Bishop Paul McAleenan has urged the Government to tackle the disproportionate impact of Covid-19 on ethnic minorities.
His call comes following the announcement of Public Health England’s inquiry into the disproportionate effects of the pandemic on Black, Asian and Minority Ethnic (BAME) communities.
Bishop McAleenan said: “While people from all backgrounds are suffering, the experiences of Catholic charities and clergy reflect a growing body of evidence that BAME and GRT (Gypsy, Roma and Travellers) communities are being harmed particularly by this pandemic.
“Public Health England’s inquiry is much needed, and our Church will be engaging with it. However, an inquiry alone is not enough. The government needs urgently to tackle the known structural inequalities that have left some communities paying such a high price. We also need to recognise the disproportionate sacrifice made by people from minority backgrounds in frontline services.”
Bishop McAleenan pointed out that the health crisis presents society with serious questions of racial justice.
“Pope Francis has called on the Church to help tackle ‘intolerance, discrimination or exclusion, that seriously undermine the dignity of those involved as well as their fundamental rights, including the very right to life’. His words are especially resonant amid the challenges we face today about racial discrimination in our society.”
Bishop McAleenan’s call comes after research found that coronavirus patients who are elderly, from poor areas, and those who are of BAME origin are more likely to die from Covid-19.
The research published today, Thursday 7th May, signalled those from deprived social backgrounds were at a higher risk of death, while patients with uncontrolled diabetes or severe cases of asthma were also more likely to succumb to the virus.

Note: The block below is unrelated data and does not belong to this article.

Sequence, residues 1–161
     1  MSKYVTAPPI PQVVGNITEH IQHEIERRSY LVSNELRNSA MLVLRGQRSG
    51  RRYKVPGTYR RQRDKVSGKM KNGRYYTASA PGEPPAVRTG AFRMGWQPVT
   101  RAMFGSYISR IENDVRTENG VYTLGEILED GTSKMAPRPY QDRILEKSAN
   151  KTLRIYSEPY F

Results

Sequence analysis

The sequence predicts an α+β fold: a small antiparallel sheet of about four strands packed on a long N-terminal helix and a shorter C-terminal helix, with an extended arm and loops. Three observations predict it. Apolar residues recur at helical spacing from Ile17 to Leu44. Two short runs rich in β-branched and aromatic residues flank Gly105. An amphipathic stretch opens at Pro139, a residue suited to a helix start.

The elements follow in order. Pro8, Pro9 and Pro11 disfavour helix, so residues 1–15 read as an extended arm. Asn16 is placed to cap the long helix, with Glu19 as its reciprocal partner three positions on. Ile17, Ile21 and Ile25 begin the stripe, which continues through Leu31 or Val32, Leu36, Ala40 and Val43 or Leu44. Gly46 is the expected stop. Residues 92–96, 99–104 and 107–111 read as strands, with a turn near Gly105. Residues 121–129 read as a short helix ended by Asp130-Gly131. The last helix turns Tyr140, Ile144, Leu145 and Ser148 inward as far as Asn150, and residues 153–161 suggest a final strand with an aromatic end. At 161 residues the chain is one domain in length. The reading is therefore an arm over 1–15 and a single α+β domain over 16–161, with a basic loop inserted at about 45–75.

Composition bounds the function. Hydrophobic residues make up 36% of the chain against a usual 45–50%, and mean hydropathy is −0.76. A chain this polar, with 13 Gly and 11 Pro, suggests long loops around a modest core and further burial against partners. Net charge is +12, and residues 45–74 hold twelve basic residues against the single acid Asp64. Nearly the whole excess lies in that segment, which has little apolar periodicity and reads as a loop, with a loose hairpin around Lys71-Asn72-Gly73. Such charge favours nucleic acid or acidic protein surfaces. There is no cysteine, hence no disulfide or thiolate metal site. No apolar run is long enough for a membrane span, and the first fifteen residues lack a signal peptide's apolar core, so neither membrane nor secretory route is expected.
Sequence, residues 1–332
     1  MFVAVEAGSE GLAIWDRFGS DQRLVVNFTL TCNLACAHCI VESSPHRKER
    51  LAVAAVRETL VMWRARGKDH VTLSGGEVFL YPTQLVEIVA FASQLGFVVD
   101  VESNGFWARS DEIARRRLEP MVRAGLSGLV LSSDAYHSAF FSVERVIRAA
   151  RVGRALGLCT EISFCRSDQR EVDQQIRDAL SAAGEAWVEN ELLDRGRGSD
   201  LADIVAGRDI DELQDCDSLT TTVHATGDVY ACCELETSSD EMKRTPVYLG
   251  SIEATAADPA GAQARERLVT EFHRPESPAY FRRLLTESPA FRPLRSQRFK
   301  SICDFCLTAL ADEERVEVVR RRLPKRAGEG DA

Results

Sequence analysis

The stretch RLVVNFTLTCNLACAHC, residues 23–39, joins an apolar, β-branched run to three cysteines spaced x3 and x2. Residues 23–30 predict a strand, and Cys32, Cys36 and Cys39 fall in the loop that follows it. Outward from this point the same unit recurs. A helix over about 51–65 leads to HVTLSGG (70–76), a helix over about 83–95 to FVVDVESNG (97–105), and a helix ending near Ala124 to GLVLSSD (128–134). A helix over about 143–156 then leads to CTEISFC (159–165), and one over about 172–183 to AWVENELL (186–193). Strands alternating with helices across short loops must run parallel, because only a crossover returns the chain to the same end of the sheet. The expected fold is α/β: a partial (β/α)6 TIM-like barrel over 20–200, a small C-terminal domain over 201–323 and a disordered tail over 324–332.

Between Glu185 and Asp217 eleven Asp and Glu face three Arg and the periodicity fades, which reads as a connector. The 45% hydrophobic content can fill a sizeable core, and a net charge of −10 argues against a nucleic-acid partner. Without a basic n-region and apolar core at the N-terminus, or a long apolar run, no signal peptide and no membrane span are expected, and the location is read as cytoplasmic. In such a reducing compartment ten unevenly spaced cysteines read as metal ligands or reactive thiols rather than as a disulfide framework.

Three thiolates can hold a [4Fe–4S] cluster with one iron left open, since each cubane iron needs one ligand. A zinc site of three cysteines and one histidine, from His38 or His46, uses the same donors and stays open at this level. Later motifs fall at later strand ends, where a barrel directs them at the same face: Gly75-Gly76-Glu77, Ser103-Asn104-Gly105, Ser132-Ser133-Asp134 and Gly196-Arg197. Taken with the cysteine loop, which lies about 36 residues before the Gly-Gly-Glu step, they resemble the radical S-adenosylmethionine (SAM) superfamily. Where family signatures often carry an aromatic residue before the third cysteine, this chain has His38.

The results chime with separate data published by the Office for National Statistics (ONS) earlier today which showed black males are 4.2 times more likely to die from a coronavirus-related death than white males, while black females are 4.3 times more likely than white females.
The ONS figures, which have been adjusted for age, suggest that men and women from all ethnic minority groups – except females with Chinese ethnicity – are at greater risk of dying from Covid-19 compared with those of white ethnicity.
Academics at the University of Oxford and the London School of Hygiene and Tropical Medicine (LSHTM), working on behalf of NHS England, analysed pseudonymous health data of more than 17 million UK adults, and 5,707 deaths in hospitals, to deliver what scientists said was the best evidence to date on risk factors associated with coronavirus deaths.
Researchers found death from Covid-19 was strongly associated with being male, with a hazard ratio of 1.99, meaning they were almost twice as likely to die from the disease as females.
That risk was greater for people with uncontrolled diabetes, which had a hazard ratio of 2.36, while black people were at higher risk of death than white people, with a hazard ratio of between 1.71 and 2.17, the academics said.
Researchers said medical problems or deprivation only accounted for a small part in the excess risk of death in people from BAME backgrounds, although further research was needed to understand why.
The research was carried out via the OpenSAFELY analytics platform, which allowed GP records to be linked where they are stored for individual care.
Professor Liam Smeeth, professor of clinical epidemiology at LSHTM, an NHS doctor and co-lead on the study, said: “We need highly accurate data on which patients are most at risk in order to manage the pandemic and improve patient care.
“The answers provided by this OpenSAFELY analysis are of crucial importance to countries around the world.
“For example, it is very concerning to see that the higher risks faced by people from BAME backgrounds are not attributable to identifiable underlying health conditions.”
Further analysis using OpenSAFELY data is already under way.
Picture: Bishop Paul McAleenan. (Mazur/catholicnews.org.uk).